Official COVID-19 Resources

Covid-19 Vaccine - Frequently Asked Questions

What is Covid-19 Vaccine AstraZeneca and how does it work?

COVID-19 Vaccine AstraZeneca is a COVID-19 vaccine developed by The University of Oxford and AstraZeneca. It contains the genetic code for an important part of the SARS-CoV-2 virus called the spike protein that is carried into your cells by a harmless common cold ‘carrier’ virus (an adenovirus). Your body then makes and uses the spike protein to learn to recognise and fight against SARS-CoV-2. The carrier adenovirus has been modified so that it cannot spread to other cells and cause infection. 

Can you get COVID-19 from a COVID 19 vaccine?

You cannot get COVID-19 from a COVID-19 vaccine. 

To get COVID-19, a live virus that can multiply in your body has to infect you. No vaccine supplied currently in the world contains live coronavirus. 

Can Covid-19 Vaccines be co-administered with other vaccines (e.g. Influenza vaccine)?

Routine administration of a COVID-19 vaccine on the same day as another vaccine, including an influenza vaccine, is not recommended. Currently, the preferred minimum interval between receipt of COVID-19 vaccine and another vaccine is 7 days. 

Can I have a COVID-19 vaccine if I am pregnant, breastfeeding or planning pregnancy?

COVID-19 vaccines are not routinely recommended in pregnancy, because pregnant women have not been included in clinical trials. However, some pregnant women may still choose to be vaccinated after considering the benefits and risks of vaccination. 

A pregnant woman may wish to be vaccinated if she has risk factors for severe illness from COVID-19 or if she is at high risk of exposure to COVID-19, e.g. occupation.

Women who are breastfeeding can have a COVID-19 vaccine, and they don’t need to stop breastfeeding after vaccination. 

Women who are planning pregnancy can have a COVID-19 vaccine, and they don’t need to avoid becoming pregnant after vaccination. 

Can I have COVID-19 vaccine if I am immunocompromised?

If you are immunocompromised, you are strongly recommended to receive a COVID-19 vaccine.

If you are taking an immune-weakening treatment (immunosuppressant/ immunomodulator), including chemotherapy, you should discuss the best timing of vaccination with your treating doctor. 

Can I have COVID-19 vaccine if I have allergies?

Almost all people with allergies can have a COVID-19 vaccine. This includes people with food allergies, asthma or hayfever. 

People who have had anaphylaxis (a type of severe allergic reaction) to a particular COVID-19 vaccine, or to an ingredient of a COVID-19 vaccine, should not have another dose of that vaccine.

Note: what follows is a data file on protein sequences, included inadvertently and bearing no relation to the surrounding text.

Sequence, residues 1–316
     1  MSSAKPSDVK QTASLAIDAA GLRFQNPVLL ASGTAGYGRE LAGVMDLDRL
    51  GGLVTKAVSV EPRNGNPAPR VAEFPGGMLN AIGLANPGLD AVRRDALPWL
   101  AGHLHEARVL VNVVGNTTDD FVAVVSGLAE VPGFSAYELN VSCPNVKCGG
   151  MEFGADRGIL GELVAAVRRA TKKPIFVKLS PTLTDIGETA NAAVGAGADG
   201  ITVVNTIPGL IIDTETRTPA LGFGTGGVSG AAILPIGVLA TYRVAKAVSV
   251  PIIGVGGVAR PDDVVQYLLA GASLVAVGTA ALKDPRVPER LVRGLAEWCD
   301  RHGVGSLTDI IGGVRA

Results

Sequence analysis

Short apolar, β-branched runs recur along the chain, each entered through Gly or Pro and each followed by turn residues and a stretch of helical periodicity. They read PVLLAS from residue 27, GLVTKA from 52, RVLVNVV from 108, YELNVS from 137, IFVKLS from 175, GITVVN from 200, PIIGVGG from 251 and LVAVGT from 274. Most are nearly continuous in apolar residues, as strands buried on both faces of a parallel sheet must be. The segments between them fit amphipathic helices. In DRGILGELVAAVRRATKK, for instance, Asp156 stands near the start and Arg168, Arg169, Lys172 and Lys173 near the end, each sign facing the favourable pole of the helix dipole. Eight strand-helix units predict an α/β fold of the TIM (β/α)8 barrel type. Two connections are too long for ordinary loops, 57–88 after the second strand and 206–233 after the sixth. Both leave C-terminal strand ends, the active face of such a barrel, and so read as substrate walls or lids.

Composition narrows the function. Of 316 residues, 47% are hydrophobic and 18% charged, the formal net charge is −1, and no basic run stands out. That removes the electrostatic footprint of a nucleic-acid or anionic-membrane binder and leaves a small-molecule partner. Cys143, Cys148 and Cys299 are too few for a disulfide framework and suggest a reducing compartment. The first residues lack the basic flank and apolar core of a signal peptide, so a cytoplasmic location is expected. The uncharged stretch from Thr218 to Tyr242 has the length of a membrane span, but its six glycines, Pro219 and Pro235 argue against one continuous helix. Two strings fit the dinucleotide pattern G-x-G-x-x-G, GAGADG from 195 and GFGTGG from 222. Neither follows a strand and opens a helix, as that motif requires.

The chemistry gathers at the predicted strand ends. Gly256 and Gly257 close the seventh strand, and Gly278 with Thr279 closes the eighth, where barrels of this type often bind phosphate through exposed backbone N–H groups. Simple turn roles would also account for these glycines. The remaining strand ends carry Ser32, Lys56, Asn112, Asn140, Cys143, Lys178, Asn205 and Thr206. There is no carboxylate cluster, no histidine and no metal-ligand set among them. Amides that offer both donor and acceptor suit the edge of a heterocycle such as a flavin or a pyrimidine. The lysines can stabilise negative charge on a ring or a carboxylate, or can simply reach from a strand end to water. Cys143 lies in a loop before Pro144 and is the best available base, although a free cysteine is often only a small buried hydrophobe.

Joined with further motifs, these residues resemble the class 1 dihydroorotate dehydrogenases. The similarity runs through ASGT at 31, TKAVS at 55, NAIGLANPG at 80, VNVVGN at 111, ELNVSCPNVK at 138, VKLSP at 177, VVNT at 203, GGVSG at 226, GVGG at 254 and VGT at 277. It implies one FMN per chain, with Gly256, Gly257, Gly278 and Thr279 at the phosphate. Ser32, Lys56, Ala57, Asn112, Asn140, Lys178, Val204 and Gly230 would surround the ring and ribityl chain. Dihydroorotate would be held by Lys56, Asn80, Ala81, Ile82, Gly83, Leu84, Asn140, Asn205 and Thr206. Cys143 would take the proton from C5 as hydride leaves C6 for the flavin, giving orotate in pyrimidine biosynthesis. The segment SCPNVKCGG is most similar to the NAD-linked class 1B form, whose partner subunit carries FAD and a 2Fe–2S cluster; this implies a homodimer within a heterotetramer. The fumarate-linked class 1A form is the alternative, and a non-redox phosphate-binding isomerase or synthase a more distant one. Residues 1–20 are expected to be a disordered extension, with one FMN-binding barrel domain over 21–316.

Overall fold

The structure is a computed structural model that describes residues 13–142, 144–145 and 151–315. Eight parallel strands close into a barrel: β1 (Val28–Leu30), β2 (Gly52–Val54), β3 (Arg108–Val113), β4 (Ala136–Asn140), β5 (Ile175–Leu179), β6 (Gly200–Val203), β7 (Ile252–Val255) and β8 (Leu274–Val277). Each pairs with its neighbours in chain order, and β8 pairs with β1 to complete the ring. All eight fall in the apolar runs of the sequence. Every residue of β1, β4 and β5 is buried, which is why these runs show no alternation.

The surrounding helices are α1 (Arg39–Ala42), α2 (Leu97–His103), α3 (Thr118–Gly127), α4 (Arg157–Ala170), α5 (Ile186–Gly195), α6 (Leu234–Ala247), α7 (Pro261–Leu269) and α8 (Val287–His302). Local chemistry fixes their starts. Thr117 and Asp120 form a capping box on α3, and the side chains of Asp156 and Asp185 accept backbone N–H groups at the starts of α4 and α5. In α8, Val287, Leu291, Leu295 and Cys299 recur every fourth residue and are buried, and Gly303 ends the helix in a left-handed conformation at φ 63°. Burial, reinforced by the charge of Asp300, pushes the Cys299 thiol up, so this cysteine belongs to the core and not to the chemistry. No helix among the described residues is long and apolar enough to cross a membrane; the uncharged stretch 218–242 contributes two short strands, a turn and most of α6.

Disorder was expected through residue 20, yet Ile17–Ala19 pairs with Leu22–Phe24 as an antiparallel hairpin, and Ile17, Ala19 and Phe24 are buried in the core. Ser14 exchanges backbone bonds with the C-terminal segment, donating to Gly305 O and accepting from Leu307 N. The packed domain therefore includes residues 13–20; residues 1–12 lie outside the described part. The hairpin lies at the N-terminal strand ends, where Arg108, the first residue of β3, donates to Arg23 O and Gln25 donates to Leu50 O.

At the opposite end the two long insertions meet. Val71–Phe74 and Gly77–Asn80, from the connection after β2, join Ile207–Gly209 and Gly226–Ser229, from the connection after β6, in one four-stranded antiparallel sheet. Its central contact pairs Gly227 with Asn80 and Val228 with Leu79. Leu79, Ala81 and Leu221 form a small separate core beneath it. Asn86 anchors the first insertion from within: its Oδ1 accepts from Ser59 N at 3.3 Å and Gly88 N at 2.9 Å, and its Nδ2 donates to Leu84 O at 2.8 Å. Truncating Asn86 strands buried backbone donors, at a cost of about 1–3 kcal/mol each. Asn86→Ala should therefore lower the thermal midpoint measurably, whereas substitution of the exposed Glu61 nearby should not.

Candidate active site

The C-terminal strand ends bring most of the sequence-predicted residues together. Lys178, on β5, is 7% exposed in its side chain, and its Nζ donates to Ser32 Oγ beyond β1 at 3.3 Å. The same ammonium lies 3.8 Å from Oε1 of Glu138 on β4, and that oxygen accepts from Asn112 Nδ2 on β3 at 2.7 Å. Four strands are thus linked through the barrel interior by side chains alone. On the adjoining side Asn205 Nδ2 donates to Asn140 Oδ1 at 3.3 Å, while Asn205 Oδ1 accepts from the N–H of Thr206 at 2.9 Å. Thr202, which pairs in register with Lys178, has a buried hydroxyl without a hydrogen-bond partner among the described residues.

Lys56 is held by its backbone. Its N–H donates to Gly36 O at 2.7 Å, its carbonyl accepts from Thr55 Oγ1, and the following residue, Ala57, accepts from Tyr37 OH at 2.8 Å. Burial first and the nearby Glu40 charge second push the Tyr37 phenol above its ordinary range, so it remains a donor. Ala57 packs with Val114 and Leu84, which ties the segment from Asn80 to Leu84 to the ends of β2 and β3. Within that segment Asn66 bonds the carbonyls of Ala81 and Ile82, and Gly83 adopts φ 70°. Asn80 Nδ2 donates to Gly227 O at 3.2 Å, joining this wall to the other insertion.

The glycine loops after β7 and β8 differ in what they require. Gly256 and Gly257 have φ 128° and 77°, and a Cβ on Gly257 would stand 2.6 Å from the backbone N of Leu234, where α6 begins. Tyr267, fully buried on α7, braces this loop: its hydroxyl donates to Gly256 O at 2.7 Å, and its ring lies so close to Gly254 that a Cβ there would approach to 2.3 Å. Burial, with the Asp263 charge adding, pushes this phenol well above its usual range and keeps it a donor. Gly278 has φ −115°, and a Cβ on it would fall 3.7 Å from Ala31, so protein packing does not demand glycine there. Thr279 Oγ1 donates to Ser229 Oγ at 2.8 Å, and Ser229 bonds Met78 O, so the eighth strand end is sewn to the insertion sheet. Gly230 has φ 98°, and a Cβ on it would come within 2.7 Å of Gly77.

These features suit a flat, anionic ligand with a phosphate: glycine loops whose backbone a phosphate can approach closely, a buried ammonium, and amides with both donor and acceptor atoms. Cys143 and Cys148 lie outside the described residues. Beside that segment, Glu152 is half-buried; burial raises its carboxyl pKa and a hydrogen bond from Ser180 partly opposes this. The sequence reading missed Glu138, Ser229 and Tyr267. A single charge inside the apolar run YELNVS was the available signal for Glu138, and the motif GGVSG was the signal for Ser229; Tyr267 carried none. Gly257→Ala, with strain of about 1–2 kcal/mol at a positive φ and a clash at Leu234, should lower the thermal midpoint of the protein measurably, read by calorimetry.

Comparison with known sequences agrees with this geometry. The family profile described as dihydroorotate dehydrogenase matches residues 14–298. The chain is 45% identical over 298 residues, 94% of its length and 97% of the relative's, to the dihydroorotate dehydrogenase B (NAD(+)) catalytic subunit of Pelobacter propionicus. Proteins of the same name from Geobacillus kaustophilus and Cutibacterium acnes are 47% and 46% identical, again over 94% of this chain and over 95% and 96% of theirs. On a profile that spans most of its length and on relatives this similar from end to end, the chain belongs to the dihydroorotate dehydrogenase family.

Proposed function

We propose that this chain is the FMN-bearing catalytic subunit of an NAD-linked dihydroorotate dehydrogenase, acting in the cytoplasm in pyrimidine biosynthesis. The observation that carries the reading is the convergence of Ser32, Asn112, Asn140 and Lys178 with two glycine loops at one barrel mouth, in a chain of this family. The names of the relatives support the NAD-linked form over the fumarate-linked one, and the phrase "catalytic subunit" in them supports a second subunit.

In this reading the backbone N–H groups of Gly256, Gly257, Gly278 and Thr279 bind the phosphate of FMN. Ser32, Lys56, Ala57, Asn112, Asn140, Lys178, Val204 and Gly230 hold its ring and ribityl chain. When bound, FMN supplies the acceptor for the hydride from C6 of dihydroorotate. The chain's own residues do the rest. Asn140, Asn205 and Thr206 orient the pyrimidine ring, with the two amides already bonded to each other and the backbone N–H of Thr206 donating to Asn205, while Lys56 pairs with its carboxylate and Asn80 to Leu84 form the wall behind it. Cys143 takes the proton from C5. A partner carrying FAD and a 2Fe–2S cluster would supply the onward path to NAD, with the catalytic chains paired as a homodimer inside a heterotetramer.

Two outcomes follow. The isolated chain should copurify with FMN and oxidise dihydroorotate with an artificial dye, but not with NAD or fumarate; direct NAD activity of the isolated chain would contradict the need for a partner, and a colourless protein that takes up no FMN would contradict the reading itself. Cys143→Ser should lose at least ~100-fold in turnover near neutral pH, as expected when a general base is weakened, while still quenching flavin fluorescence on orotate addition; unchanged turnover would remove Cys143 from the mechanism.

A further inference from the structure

For some people, precautions may be needed before vaccination, such as consulting an allergy specialist, being vaccinated in a facility which has medical staff and being observed for at least 30 minutes after vaccination.

This applies to people in the following groups:

  • people who have had a suspected allergic reaction after a dose of a COVID-19 vaccine 
  • people who have had an allergic reaction (but not anaphylaxis) to an ingredient of a COVID-19 vaccine
  • people who have had anaphylaxis to other vaccines or to medications (including injectable or oral medications) where there may be common ingredients with a COVID-19 vaccine (such as polysorbate 80, an ingredient in COVID-19 Vaccine AstraZeneca) 
  • people who have a mast cell activation disorder.

Could the vaccine react with other medications? Do other medications need to be stopped to have COVID-19 vaccine?

In general, medication should not be stopped before having a vaccine, but there are a few situations in which people might be advised to either delay vaccination or delay a particular medication:

- Some people taking blood thinners (anticoagulants) may be advised to delay vaccination if there is a high risk of bleeding after the vaccine is injected. Most people on a stable dose of blood thinner will be able to receive the vaccine without any change to their medication.

- People taking immune-weakening treatments (immunosuppressants), including chemotherapy, should discuss the best timing of vaccination with their treating doctor. 

What are the likely side effects from COVID-19 Vaccines?

All vaccines can cause side effects. Usually these are mild. Clinical trials of COVID-19 vaccines have reported side effects such as pain at the injection site, fever or muscle aches starting on the day or day after vaccination.  

 COVID-19 Vaccine AstraZeneca can cause side effects that are usually mild to moderate, appear within the first day after vaccination and generally go away within a few days. The most common side effects include pain at the injection site, tiredness, headache, muscle pain, chills, joint pain and fever. These side effects are temporary and go away without treatment in 1–2 days. 

What should I do if I have side effects after a COVID-19 vaccine?

You can take paracetamol or ibuprofen to help with side effects like pain, headache or fever. 

You should seek urgent medical assistance (e.g. by calling 000) if you think you are having a severe allergic reaction, such as if you are experiencing difficulty breathing, hives, lip swelling or feeling faint.

You should seek advice from your usual healthcare provider (e.g. GP) if you have any side effects that you are concerned about, or if your side effects have not gone away after a few days.

You can report potential side effects after vaccination to your state or territory health authority, or directly to the Therapeutic Goods Administration (TGA). This will help the TGA collect information about adverse effects that occur after COVID-19 vaccination and detect any possible unexpected safety signals.

Eatons Hill Medical Centre
2 Marylin Terrace
Eatons Hill Qld 4037
Ph: 3325 5559
Fax: 3325 5551

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